National above international
The resonant verdict of the country’s highest court was announced on October 7, and the case was considered on the initiative of Moravetsky. The Constitutional Court ruled that four provisions of the Treaty on the European Union contradict the Polish Constitution and should not override it. These provisions refer to respect for human dignity, freedom, democracy, the rule of law and equality, as well as the jurisdiction of the European Court of Justice. According to Polish lawyers, these clauses of the treaty create the possibility that European courts may overrule the Polish Constitution, including when they question the legality of the appointment of judges in the country.
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Judicial restructuring: why Poles are protesting against judicial reform
The strife around the Polish judicial reform has been dragging on since 2017, when the ruling Law and Justice party initiated a judicial renewal. In Brussels, the reform has been repeatedly criticized, pointing out that it leads to the establishment of political control over the courts and deprives Polish citizens, who are also EU citizens, the right to an independent judicial process. The European Court of Justice in Luxembourg in July this year ruled that the reform initiated by Warsaw undermines the independence of judges and is incompatible with EU law.
All against two
French Foreign Minister Clement Bon said the decision of the Polish court was an attack on the EU. “The Polish authorities do not respect the values and fundamental rules of the union,” he said and threatened Warsaw with a refusal to allocate EU funds to restore the national economy after the pandemic. France and Germany issued a joint statement in which they recalled that EU membership “goes hand in hand with full and unconditional adherence to common values and rules.” Poland is a key member of the EU, and any member of the association is obliged to abide by these rules, and this obligation is not moral, but legal in nature, stressed the foreign ministers of the two countries Jean-Yves Le Drian and Heiko Maas.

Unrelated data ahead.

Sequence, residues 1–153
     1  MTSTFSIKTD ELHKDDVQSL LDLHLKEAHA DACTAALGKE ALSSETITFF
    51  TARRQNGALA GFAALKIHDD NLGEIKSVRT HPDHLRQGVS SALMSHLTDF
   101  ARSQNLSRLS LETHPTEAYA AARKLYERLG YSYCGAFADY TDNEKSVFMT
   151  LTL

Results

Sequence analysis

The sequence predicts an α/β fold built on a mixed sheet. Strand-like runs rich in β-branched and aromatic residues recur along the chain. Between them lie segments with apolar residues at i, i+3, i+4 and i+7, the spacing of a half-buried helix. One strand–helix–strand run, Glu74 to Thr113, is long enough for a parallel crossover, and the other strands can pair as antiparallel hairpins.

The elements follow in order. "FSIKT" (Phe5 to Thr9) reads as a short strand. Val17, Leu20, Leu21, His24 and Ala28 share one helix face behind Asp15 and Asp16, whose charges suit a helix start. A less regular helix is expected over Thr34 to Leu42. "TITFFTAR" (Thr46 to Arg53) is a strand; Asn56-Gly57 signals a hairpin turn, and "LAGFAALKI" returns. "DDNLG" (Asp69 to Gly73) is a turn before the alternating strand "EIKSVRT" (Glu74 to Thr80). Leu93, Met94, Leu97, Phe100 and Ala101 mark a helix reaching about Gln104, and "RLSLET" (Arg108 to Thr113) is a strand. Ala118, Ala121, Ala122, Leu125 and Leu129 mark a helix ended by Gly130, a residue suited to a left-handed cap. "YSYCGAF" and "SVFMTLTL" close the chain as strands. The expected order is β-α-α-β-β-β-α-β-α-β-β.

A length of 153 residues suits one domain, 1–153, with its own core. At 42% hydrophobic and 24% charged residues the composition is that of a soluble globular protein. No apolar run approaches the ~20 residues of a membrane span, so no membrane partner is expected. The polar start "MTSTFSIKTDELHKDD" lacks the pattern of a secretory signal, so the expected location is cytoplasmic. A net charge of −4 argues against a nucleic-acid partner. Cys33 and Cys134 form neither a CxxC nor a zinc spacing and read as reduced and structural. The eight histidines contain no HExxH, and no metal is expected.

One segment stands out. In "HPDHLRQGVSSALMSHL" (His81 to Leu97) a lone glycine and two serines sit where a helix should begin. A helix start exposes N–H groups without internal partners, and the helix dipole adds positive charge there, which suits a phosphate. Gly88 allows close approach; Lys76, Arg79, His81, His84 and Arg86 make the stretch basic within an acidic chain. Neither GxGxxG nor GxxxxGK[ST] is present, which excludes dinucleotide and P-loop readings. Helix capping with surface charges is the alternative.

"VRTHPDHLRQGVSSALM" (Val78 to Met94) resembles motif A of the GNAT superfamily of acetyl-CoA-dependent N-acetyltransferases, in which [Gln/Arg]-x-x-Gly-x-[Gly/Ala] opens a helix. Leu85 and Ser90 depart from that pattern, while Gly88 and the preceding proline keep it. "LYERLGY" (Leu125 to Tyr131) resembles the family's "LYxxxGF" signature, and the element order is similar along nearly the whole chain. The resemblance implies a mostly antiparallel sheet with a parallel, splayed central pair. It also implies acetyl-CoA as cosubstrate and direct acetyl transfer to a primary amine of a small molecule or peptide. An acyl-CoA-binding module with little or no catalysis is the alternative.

Hungary became the only EU country to welcome Poland’s decision. The corresponding government decree was signed by Prime Minister Viktor Orban. It says that the Polish court was forced to consider the rule of law due to the ineffectiveness of EU institutions, which ignore the principle of delegation of powers. From the point of view of the Hungarian authorities, the priority of EU law should be applied only in those areas in which the association has competence, and also the national identity of the member states must be respected. According to Budapest, national law enforcement agencies, including constitutional courts, have the right to check the scope and limits of the EU’s powers.
Head of the European Commission Ursula von der Leyen expressed concern by the decision of the Constitutional Court of Poland. “I instructed the services of the commission to thoroughly and promptly analyze it. Based on this, we will make a decision on further steps, ”she said. The official representative of the European Commission, Eric Mamer, later explained that the European Commission is not limited in time – the duration of the analysis will depend on the complexity of the decision and the consequences for the unification.